Dressing up common amino acids by adding chemical groups creates unusual amino acids that can have novel catalytic, medicinal, and other properties. But adding a methyl group to the amino acid tryptophan’s β carbon is so thorny that it’s rarely done. Now, bioengineers have used directed evolution to produce an enzyme that catalyzes the synthesis of β-methyltryptophan analogs in just one step (J. Am. Chem. Soc. 2016, DOI: 10.1021/jacs.6b04836).
Many modified tryptophans can be purchased from a chemical supplier, says Andrew R. Buller of California Institute of Technology, “but you can’t get β-branched tryptophans.” β-Methyltryptophan is a precursor to antitumor agent streptonigrin and other natural products. And exploring other β-branched tryptophans could lead to new bioactive molecules. But synthesizing β-methyltryptophan is tricky. Tacking a methyl group onto tryptophan’s β carbon requires adding protecting groups to every reactive arm of the amino acid. That makes the process “steppy and inefficient,” Buller says. Added to that is a need to consider stereoselectivity.
Enzymes are generally better at such schemes. Yet nature’s regular route to β-methyltryptophans, discovered a few years ago, involves three enzymes and an expensive cofactor (Angew. Chem. Int. Ed. 2013, DOI: 10.1002/anie.201306255). So when Buller, Frances H. Arnold, and coworkers at Caltech discovered that a subunit of the enzyme tryptophan synthase could make β-methyltryptophan from indole and the amino acid threonine, they were very pleasantly surprised. Tryptophan synthase normally builds tryptophan from indole and the amino acid serine, so it was surprising that the enzyme would use threonine at all. Its activity was weak, but Arnold’s group specializes in improving enzymes through directed evolution.
The tryptophan synthase they used came from the archaea Pyrococcus furiosus, which grows in ocean hydrothermal vents. The organism thrives in boiling water, and mutated proteins from the organism tend to be stable. The researchers had previously used directed evolution to make the subunit catalyze tryptophan synthesis independent of its partner protein, so they performed another round of random mutations, looked for mutant proteins with increased production of β-methyltryptophan, and then recombined genes coding for the most active variants. They ended up with an enzyme that had eight mutations and was 1,000 times as active in choosing threonine to make β-methyltryptophan as the natural tryptophan synthase subunit.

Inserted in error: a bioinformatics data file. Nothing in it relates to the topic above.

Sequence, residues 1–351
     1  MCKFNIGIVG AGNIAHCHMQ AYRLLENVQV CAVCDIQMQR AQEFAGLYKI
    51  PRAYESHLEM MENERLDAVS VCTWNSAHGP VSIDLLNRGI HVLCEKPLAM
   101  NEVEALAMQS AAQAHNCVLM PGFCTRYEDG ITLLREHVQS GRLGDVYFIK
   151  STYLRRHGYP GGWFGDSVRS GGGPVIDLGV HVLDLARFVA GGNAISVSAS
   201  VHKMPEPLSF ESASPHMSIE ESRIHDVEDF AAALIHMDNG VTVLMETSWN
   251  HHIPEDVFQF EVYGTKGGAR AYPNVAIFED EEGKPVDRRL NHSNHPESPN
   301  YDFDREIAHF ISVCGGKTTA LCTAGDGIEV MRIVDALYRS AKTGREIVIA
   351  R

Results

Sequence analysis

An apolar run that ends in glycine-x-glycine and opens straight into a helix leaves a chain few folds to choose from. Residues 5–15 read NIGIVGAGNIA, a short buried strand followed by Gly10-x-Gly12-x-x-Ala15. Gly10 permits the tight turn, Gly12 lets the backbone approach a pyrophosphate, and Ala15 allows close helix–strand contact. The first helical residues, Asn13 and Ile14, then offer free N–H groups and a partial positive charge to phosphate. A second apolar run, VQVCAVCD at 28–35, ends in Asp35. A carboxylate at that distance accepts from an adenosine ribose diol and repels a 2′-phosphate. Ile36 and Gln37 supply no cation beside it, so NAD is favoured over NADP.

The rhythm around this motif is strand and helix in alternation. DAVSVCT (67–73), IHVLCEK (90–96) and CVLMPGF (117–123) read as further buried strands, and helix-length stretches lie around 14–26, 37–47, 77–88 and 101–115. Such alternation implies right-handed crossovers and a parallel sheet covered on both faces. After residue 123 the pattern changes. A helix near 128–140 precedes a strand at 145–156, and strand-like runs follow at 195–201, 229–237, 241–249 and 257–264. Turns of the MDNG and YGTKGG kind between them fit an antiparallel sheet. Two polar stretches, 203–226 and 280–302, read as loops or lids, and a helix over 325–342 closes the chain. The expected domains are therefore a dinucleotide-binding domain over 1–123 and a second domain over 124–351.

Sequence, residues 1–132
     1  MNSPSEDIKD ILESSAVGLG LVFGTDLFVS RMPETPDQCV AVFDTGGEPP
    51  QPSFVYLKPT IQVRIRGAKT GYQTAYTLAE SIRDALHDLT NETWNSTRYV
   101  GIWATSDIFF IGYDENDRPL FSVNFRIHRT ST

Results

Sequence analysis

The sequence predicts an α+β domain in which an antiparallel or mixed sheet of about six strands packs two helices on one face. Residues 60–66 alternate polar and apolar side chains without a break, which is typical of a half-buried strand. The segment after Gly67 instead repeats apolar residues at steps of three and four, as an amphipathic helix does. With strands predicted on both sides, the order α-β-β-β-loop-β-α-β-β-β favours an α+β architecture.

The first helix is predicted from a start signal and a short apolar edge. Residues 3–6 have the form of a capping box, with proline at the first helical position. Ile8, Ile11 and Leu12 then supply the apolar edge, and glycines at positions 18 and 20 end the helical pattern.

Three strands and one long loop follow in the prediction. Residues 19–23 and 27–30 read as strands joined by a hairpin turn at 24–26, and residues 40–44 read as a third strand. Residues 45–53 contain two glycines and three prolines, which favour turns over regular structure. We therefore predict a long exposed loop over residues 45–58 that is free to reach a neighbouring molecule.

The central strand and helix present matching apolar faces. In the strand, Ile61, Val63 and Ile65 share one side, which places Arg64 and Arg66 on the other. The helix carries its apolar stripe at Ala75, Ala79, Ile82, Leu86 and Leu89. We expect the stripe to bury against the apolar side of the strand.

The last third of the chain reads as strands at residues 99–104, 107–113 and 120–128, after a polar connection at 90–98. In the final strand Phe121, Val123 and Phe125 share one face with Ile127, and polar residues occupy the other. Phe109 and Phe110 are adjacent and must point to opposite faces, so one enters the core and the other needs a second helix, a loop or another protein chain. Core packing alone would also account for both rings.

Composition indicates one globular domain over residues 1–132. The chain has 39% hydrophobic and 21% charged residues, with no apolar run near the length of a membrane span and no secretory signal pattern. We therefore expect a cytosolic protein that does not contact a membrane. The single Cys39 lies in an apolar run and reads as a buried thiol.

“This is a major advance in the synthesis of β-methyltryptophans,” says Robert Phillips of the University of Georgia. It demonstrates “the power of mutagenesis and high-throughput screening in engineering of biocatalysts.”
Shuangjun Lin of Shanghai Jiao Tong University, who discovered the natural three-enzyme route for synthesis, notes that this reaction not only works in one step with inexpensive starting materials, it produces an enantiopure product, unlike nature’s route. He wonders if the enzyme would work with threonine analogs and yield an even greater variety of β-branched tryptophans.
The researchers haven’t published any work on threonine analogs yet, but they did substitute indole variants for indole. The enzyme accepted many of them, and built a whole family of β-branched tryptophan kinfolk, including ones with new carbon-sulfur and carbon-nitrogen bonds.